Sports Digest: Dubs dethrone Kildare after free


“I got a three-year term. I am as enthusiastic as ever. If the county board are happy with me I have no problem going forward,” said Fitzpatrick.

“I could do a runner, let them go ahead in Division Two and let them be relegated but I am not a coward.”

Donegal Wins

Donegal produced a stirring second half performance to beat a fancied Tyrone side by three points in Sunday’s Ulster SFC semifinal in Clones.

Tyrone were five points ahead after a bright opening to the game and led by two at the break, but Donegal really came into the match in that second period.
“Tyrone in the first half early in the game were putting on a master class and I’ve seen them do that on a number of occasions,” said Donegal boss Jim McGuinness afterwards.

“We wanted to get the Donegal players into the dressing room, sit them down and relax them and explain that all the things we were working on all year weren’t happening and needed to start happening.”

Tyrone had Kevin Hughes sent off in the second half and were guilty of some woeful finishing in the first.

Manager Mickey Harte admitted, “We lost the game in the first half. Never mind the goal chances. The scoring statistics say we had 18 scoring chances and got six. Donegal had five scoring chances and got four.

“You don’t need any other statistics than that. That is the story of the game in a nutshell. They were much more economical with the chances that they created.

“The sending off didn’t help us but we would have done well to have got a draw. They got their second goal which was maybe inevitable when you are throwing caution to the wind trying to get that winning score.”

Mayo Wins

Mayo brushed aside a poor Galway team in Sunday’s Connacht SFC semifinal in Castlebar, but manager James Horan expects Roscommon to be favorites for the provincial decider on July 17 in Hyde Park.

Horan’s team were full value for their 1-12 to 1-6 win over Galway, but their boss was downplaying their dominance afterwards.

“Roscommon are one of the form teams, they have been doing very well over the last few years and they will be favorites,” insisted Horan.

“We played well in the second half today. We got a return on possession and got quite a few scores. We had dominated possession in the first half but we kicked numerous wides and that put us under pressure and Galway got a late goal.”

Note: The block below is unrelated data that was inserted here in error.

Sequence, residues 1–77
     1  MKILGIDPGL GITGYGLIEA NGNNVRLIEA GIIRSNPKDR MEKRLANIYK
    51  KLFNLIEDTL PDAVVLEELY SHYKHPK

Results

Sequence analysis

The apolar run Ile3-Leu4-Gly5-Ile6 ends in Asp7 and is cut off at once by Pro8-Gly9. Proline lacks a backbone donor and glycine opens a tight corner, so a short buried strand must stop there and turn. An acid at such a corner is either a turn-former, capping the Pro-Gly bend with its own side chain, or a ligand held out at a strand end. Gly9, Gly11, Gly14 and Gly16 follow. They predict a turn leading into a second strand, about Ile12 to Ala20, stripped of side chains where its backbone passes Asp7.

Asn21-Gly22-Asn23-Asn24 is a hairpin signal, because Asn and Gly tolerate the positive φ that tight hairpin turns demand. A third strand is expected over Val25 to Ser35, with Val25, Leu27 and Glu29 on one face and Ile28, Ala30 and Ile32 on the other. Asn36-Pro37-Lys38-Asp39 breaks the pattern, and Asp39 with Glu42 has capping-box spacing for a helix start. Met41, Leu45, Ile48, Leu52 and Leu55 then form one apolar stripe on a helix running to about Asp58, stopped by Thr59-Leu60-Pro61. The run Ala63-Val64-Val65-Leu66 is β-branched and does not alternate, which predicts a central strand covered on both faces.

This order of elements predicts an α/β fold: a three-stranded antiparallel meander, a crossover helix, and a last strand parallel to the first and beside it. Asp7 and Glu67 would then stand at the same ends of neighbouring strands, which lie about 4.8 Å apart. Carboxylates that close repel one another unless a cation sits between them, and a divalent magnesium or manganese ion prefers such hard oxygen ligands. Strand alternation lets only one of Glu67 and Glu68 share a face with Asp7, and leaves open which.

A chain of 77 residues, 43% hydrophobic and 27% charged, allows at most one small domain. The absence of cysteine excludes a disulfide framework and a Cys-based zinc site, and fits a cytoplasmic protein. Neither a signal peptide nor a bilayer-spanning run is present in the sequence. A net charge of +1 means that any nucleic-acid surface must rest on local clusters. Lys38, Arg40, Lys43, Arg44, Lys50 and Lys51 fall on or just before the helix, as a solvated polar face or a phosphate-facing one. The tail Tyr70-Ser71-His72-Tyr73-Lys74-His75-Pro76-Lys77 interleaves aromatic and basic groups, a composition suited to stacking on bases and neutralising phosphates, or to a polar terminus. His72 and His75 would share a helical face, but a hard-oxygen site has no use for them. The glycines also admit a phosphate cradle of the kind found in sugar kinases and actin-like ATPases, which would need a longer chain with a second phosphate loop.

Mayo survived a late revival from the home team away to London last time out and that stood to them on Sunday.

“We had a scare in London -- you saw London yesterday and they are no flash in the pan --- but we used the lessons we got over there and I think it did sharpen us up and help us today,” added Horan.

Galway manager Tomás Ó Flatharta must revitalize his shell-shocked side for the All-Ireland qualifier clash with Meath on Saturday, July 9 after the dismal defeat to Mayo.

“Obviously when you lose a game it is very disappointing,” said Ó Flatharta. “In the first half we were four points ahead at halftime.”

London Wins

London scored their first championship win since 1977 when they saw off Fermanagh in the All-Ireland qualifiers at Ruislip on Saturday, and manager Paul Coggins described the win as “amazing.”

Coggins’ side now host Waterford in the second round of the qualifiers, with the manager intent on another big performance from his team.

“We believed in ourselves against Fermanagh and we knew we had a big chance if we performed like we did against Mayo when we were beaten in extra time in the Connacht Championship,” said Coggins.

“We have inundated with messages of congratulations from all over Ireland and I would like to thank all the well wishers.

“There are feelings of great elation and happiness. We worked very hard to achieve something and we achieved it. We’ve a great bunch of players and they put everything in there, absolutely everything.”

Fermanagh manager John O’Neill had no excuses.  “It was a bad day at the office for us. London were the better team all over the pitch and we hadn’t enough guys to step up to the mark. London took their chances and we were probably naïve,” O’Neill said.

“London’s hunger was phenomenal. We didn’t match it. Good luck to them; they’ll give whoever they meet in the next round plenty of trouble.”